The title of the first lesson was “Mindful and mindless performance”, that of the second one “Media, movement and material engagement” and the third and final one was titled “Not one, not two: Acting and art”. The whole content of these lectures, introduced by a text written by me will be published by Mimesis International. 


European Society of Aesthetics 2019 (Warsaw 12/14 June)

I participated in the 2019 edition of the European Society for Aesthetics conference that took place in Warsaw (Poland) between 12 and 14 June 2019. I had the opportunity to disseminate some aspects of the preliminary results of the project, as well as to networking with other relevant researchers on aesthetics.

My talk “Rhythm and aesthetic experience: and enactive approach” was related to two specific objects of the project: the implications of rhythm and entrainment in aesthetics and some initial aspects of the general model of the aesthetic component of experience.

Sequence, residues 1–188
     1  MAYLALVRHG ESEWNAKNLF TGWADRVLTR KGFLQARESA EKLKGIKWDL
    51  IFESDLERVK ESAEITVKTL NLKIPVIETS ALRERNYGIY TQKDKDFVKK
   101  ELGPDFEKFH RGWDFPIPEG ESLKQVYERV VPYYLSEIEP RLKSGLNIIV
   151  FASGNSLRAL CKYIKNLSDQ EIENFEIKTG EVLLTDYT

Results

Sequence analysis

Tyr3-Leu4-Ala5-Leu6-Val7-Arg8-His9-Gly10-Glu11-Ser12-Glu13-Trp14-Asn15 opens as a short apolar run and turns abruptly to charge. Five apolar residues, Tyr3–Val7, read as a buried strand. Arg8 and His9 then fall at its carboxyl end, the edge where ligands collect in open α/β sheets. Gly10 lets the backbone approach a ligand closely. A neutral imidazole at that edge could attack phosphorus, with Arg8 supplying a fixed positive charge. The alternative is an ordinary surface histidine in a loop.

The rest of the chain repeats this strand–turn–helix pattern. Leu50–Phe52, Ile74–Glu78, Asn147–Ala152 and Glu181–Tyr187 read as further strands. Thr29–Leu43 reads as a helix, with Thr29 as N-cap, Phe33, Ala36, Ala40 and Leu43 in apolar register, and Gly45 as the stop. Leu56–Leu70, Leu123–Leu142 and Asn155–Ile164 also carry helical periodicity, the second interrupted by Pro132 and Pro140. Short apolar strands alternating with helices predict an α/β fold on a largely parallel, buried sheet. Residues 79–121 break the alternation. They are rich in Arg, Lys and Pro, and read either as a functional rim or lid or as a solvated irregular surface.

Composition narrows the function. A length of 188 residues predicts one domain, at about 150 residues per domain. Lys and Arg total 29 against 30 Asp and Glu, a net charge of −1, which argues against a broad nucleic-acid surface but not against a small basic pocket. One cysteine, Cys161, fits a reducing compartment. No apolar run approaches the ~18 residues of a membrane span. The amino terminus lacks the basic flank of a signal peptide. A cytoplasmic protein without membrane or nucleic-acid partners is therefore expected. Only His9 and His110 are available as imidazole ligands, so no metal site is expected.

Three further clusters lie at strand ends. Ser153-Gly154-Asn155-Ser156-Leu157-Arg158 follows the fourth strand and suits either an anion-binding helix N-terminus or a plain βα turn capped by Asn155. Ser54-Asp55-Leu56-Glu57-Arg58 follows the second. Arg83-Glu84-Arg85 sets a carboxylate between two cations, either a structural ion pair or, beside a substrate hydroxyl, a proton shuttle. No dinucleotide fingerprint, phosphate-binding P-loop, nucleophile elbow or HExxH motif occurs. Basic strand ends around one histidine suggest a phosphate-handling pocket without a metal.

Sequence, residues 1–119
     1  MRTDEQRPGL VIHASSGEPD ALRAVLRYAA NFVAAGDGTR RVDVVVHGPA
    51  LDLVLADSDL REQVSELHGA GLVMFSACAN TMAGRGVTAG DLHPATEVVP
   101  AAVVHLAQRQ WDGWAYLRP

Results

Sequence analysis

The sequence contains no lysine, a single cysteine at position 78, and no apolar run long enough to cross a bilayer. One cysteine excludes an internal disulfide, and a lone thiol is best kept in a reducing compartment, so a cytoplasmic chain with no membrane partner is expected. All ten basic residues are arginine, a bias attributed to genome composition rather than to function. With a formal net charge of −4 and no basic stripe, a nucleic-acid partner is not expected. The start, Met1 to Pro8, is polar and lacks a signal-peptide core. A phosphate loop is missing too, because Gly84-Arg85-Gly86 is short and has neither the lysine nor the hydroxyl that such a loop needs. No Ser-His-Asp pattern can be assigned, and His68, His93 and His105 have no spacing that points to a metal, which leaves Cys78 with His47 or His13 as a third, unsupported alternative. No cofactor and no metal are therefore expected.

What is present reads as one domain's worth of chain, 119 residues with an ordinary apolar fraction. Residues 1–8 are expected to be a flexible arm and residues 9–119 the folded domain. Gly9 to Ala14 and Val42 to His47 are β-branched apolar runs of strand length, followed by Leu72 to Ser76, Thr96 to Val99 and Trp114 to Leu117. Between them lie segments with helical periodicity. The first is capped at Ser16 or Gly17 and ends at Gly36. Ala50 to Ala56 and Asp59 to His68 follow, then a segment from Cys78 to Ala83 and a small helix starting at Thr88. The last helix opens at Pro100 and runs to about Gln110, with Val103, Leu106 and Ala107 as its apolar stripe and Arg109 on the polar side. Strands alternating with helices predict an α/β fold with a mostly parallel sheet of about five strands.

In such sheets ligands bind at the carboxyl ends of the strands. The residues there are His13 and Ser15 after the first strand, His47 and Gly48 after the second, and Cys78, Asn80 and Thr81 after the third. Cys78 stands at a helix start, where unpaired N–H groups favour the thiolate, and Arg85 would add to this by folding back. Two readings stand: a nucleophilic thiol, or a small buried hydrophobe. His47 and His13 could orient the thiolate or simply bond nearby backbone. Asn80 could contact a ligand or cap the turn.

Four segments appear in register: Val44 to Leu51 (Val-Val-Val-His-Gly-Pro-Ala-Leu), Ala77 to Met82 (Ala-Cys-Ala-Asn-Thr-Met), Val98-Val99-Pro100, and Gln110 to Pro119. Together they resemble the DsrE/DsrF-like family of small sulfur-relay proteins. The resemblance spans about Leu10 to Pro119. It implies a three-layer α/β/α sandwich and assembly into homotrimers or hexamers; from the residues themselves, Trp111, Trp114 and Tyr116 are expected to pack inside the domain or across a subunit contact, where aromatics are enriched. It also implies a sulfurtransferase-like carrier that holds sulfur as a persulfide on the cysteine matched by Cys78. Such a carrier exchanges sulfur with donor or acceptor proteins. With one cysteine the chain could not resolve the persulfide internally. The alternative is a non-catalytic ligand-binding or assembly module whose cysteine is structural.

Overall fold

Stay at University of Vienna’s EVAlab: Empirical Visual Aesthetics

For two weeks (27/5/2019-7/6/2019) I stayed at University of Vienna’s research group EVAlab: Empirical Visual Aesthetics research center. This was a part of the secondment of ENAMARE. Prof. Helmut Leder was my supervisor during my stay at EVAlab.

EVAlab was founded in 2004 by Helmut Leder and is recognized as the earliest department with a specific research focus on Visual Empirical Aesthetics. Only recently similar initiatives have emerged elsewhere. Over twelve years, EVAlab was the only research team and network in the field of visual aesthetics, and now holds a role of international leadership in psychological empirical art research with numerous important publications pioneering empirical approaches. Among their more relevant recent results is “The Vienna Integrated Model of top-down and bottom-up processes in Art Perception (VIMAP) and corresponding affective, evaluative, and neurophysiological relates”.